I went to my first opera last night, the American Repertory Theatre's Carmen. This is, in fact, the only opera I have any knowledge of--and that comes principally from a vague recollection of seeing the movie one rainy afternoon in my sixth-grade Music Appreciation Class (a room filled, by the way, with people too musically-challenged or uninterested to actually play an instrument--I fall into the former category).
If musicals are the hyperactive pep squad of my professional calling (with their glassy-eyed enthusiasm and teeth-baring smiles), then operas are the varsity cheerleaders (undeniably more skilled, but nonetheless creepy).
I just have a hard time wrapping my brain around the concept of people spontaneously bursting into song... especially FRENCH SONG.
That's not to say I didn't enjoy myself. Carmen is arguably the most well-known opera in the world, and I definitely found myself familiar with a surprising number of songs. And I was genuinely surprised by the acting--at least some of it.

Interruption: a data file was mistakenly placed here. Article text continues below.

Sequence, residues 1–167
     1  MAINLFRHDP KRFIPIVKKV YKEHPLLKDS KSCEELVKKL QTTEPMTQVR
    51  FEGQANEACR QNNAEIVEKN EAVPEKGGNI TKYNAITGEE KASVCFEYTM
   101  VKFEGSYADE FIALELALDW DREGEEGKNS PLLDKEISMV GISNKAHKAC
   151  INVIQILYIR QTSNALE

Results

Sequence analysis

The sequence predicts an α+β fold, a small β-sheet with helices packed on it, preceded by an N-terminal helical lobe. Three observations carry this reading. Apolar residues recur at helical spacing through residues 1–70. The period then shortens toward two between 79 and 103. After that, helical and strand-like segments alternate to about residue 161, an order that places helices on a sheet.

The show's lead and title character--Christina Baldwin--was phenomenal, as well as her sister, Jennifer Baldwin Peden, who played innocent Michaela. Don Jose, Carmen's romantic interest, seemed more in love with his own pain than with Carmen, and the rest of the cast was rounded out with passionate, incredible singers.
Logically, I know that opera and musical theatre are kissing cousins of straight theatre (if anyone can come up with the final piece of my "pep squad/varsity cheer" analogy I will be forever grateful), and maybe it's because I was rejected from the fifth grade choir and I'm bitter towards anyone with a talent for singing, but I just don't foresee a time when I view "singing theatre" as anything but an amusing and silly endeavor.
The Week's Top Family Posts — May 13-17, 2013
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